I did a lot with Cancer, the research and the Cancer Society and I had Weight’s World and things kind of just blossomed and kept growing, and I grew relationships and I just really enjoyed it and you get fulfilled from it. It feels good and you realize that there is more to life.
Certainly it helped me with my perspective with hockey and the Oilers organization and the Islanders organization are both small communities, believe it or not, and they do a great job of being apart of the community. It’s just fun and a wonderful thing to be able to do and help people that maybe aren’t as lucky in certain areas of their lives and they look up to you. That’s something you don’t have for a long time. I’ll tell you that today – it goes by fast and it was an incredible place to be and I appreciate the people’s thoughts on that.
JG: Doug, what was your favorite memory in Edmonton?
DW: I have a million, but I’ll name a few. I just did a conference call and obviously Toddy Marchant’s goal. I got the puck at centre ice and just threw it to this speedy winger and we won it in game seven. I think the thing that makes me most proud was the last six years I was there we were a playoff team. We were paying $40 million dollars less than the salary of the team you are playing in the playoffs, and you are 30 points behind them, but we ended up beating two of those teams and it was a proud moment for me.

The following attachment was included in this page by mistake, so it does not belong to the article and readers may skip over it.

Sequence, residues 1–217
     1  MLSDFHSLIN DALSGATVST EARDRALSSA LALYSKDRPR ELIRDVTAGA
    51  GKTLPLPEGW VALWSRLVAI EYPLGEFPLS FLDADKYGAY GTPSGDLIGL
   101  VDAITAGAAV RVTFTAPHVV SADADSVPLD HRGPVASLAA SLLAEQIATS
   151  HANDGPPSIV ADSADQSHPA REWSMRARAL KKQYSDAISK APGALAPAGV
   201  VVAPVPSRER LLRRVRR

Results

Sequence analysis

One time as a leader of that team I had a meeting and we ended up winning nine or ten in a row went unbeaten twelve I think, and we tied an old Oilers record, and we ended up making the playoffs. That was some of the best hockey I’ve been part of in that town. There are so many moments that were incredible; Bucky’s overtime goal in that series against Dallas, coming back from 3-1 against Colorado, they were proud moments and wonderful memories and great friendships. Every time I go into that building whether I was booed or whether I was cheered afterwards, it was just butterflies to this day and I’m sure I will get them the next time I walk in.
JG: I think that meeting either happened in Florida or Tampa Bay,you guys won the game and went on to win nine straight; which is still a franchise record. Do you recall what it was that you said that seemed to catch the attention of your teammates?